2014 Infiniti Q50 Hybridstars
Infiniti's new premium hybrid model uses innovative drive-by-wire tech in its steering...
2014 Tesla Model Sstars
With its electric drivetrain and a unique take on how you interact with the car, the Tesla...
2014 Chevrolet Corvette Stingraystars
Faced with 60 years of great Corvette models, Chevy managed to make a new generation of...
2014 Mercedes-Benz S550stars
The 2014 S550 is an automotive tech juggernaut, featuring every latest advance Mercedes-Benz...
Since we last saw it as a, the 2009 Ford Escape Hybrid (and its Mercury-badged sibling, the ) has undergone a few changes.
Externally, the look has been refined--particularly in the Limited trim level, with its chrome trim--and in the cabin, the old CD-based navigation and external CD-changer has been replaced with a hard-drive-based navigation and audio system powered by Ford's spectacular best-in-class Sync voice command system.
The 2009 Ford Escape's hybrid drivetrain has also been refined, resulting in a thoroughly pleasing city driving experience. Unfortunately, we can't exactly say the same for the Escape Hybrid's highway manners.
On the road
Twisting the key of the Ford Escape Hybrid causes the gasoline engine to come to life. Have no fear; your Hybrid isn't broken. This initial cranking of the engine exists to warm the emissions components to operating temperature so that when you need the gasoline engine for cruising, it can be as clean as possible.
After a short while, the gasoline engine shuts off and we're ready to go.
Easing onto the accelerator, the Escape Hybrid creeps forward in almost complete silence, the only sound being the low-rolling resistance tires squeaking on the smooth concrete floor of the CNET garage.
We were able to get the boxy hybrid up to 35 mph under purely electric power with a slight downward grade, but under most conditions the gasoline engine kicks in at 20 mph. A heavy load, such as traveling uphill or hard acceleration, will cause the engine to start sooner.
We started to make a game out of keeping the gasoline engine off for as long as possible. In slow-going San Francisco rush hour, we were able to keep the Escape emissions-free for about 75-percent of surface road driving. We found it amazing how a hybrid vehicle can make even stop-and-go traffic more tolerable and interesting.
When we weren't playing the hypermiling game, we were entertained by Ford's Sync system, which let us select songs simply by hitting a button and telling it what artist, album, or song we wanted to hear. A neat command called "Similar Music" worked like Apple iTunes' Genius feature to create an on-the-fly playlist of music similar to the song currently playing.
Eventually, the roads opened up and we were able to get the Escape up to highway speeds.
The primary focus of the 2009 Ford Escape Hybrid Limited is economy, and it seems Ford's engineers made some sacrifices in the name of reaching a high mpg mark. This is in addition to the compromises inherent in the Escape's aging design. While mostly masked at slow city speeds, these flaws seem to amplify on the freeway.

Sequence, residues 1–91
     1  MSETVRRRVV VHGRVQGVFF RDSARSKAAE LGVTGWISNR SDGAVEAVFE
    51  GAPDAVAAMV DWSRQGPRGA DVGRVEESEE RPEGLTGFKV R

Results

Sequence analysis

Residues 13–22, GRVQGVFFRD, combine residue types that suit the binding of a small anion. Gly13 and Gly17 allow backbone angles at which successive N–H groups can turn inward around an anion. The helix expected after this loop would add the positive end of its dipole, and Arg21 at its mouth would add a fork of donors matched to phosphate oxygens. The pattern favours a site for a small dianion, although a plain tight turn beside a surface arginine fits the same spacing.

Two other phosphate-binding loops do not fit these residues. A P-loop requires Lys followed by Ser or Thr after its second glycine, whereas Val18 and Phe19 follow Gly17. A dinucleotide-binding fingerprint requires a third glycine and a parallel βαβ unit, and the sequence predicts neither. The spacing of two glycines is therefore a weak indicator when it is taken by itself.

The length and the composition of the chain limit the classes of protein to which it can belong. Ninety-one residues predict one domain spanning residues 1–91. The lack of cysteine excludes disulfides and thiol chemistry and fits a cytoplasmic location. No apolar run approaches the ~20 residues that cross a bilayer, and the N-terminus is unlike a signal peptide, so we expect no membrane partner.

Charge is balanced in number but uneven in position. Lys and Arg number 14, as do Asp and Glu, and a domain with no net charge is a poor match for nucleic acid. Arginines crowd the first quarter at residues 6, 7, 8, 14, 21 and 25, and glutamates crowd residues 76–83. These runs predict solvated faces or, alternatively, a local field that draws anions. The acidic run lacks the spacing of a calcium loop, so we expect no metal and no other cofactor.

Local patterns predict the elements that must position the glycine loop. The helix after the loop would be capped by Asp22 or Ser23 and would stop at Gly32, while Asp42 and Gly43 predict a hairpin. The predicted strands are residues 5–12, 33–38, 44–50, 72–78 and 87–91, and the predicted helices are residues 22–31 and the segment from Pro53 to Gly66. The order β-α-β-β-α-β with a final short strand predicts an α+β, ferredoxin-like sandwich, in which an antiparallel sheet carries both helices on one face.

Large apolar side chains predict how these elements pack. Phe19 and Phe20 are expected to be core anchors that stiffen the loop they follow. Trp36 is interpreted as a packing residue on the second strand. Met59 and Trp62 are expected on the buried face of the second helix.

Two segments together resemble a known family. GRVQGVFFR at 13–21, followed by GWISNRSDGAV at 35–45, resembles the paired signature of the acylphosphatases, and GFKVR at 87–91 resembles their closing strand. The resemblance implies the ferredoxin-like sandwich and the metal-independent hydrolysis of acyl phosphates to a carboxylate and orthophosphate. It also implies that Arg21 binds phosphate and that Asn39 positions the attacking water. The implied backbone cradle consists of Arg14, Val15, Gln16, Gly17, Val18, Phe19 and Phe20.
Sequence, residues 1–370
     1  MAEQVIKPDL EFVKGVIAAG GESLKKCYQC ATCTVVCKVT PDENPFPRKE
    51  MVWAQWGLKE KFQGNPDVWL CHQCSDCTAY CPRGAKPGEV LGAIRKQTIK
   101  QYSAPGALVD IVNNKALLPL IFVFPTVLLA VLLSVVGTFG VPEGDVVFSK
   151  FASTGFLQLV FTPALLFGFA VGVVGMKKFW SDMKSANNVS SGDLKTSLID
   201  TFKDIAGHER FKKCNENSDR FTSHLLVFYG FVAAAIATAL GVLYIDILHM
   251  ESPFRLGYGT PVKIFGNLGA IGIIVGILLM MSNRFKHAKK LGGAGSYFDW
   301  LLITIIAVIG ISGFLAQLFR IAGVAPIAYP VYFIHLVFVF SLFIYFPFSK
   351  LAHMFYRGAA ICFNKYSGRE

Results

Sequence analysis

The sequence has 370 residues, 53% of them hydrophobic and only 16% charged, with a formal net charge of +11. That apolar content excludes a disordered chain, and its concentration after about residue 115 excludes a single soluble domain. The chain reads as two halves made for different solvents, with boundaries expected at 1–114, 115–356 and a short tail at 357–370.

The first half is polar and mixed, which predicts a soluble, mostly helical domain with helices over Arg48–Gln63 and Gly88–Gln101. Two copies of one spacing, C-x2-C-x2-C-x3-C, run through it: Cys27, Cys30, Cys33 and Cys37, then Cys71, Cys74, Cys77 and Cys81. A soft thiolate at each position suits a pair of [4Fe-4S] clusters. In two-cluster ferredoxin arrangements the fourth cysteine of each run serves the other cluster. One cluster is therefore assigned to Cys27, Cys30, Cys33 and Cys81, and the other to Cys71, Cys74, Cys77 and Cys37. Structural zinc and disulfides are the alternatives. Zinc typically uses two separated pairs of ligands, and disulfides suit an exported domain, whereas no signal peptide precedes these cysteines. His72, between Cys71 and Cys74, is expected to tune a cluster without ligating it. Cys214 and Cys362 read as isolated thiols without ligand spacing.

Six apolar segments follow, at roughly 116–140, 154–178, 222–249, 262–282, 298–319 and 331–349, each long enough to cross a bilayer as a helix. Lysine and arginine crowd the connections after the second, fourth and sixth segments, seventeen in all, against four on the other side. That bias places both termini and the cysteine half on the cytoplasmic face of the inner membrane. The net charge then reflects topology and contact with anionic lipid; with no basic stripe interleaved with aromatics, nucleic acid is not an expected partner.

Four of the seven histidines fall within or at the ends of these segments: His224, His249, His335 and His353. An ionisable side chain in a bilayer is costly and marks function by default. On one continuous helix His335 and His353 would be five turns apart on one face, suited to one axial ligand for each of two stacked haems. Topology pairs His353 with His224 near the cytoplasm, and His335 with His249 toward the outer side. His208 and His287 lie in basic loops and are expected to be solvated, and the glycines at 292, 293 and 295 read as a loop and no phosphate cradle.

Cruising at 65 mph, the Escape Hybrid Limited exhibits a great deal of road and wind noise, no doubt caused by the Escape's boxy shape, reduced sound insulation, and low-rolling resistance tires. The continuously variable transmission, which seemed so docile and silent at low speeds, restlessly hunts around for the right engine speed. We're sure this goes a long way toward the Escape Hybrid's great highway fuel economy, but the constant audible changes in engine speed--and as a result, engine noise--made us feel nervous and annoyed.
In the cabin
The heart and soul of the Ford cabin tech experience is the Sync technology suite, which lets users access functions of the audio and, if equipped, navigation systems with simple verbal commands.
However, Sync isn't merely a voice command system. Connect an iPod or portable storage device to the USB port and Sync scans and learns all of the music on the device. The time it takes to scan the library can vary, ranging from a few seconds for a USB drive with a few hundred megabytes of music, to several minutes for a hard-drive-based iPod. With the scanning completed, we were able to speak commands, such as "Play artist, James Brown," to jump to a specific artist, album, genre, or song in our library.
Digital-audio sources include the aforementioned USB port, a six-disc CD/DVD player with MP3-decoding capability, an internal 10GB hard-drive for ripping music from CDs, and A2DP Bluetooth audio streaming. The Bluetooth streaming only features basic controls for Play/Pause/Skip, but that's a shortcoming of the protocol, not the Sync system. Rounding out the audio sources are the analog auxiliary input and AM/FM/satellite radio.
Audio quality from the self-proclaimed seven-speaker "Ford Audiophile" system was interesting. Mid- and high-range sounds are lifted up and away from the dash by the system's blend of audio processing. The effect creates a tall, broad soundstage that we came to appreciate. However, the effect was particularly apparent and slightly off-putting with human voices, such as when listening to talk radio. The system sounded better than most seven-speaker systems we've tested, with clear sound and tight bass at all but the highest volume levels. While we feel that "Audiophile" is a slightly ambitious moniker for the system, we're sure most listeners won't be disappointed.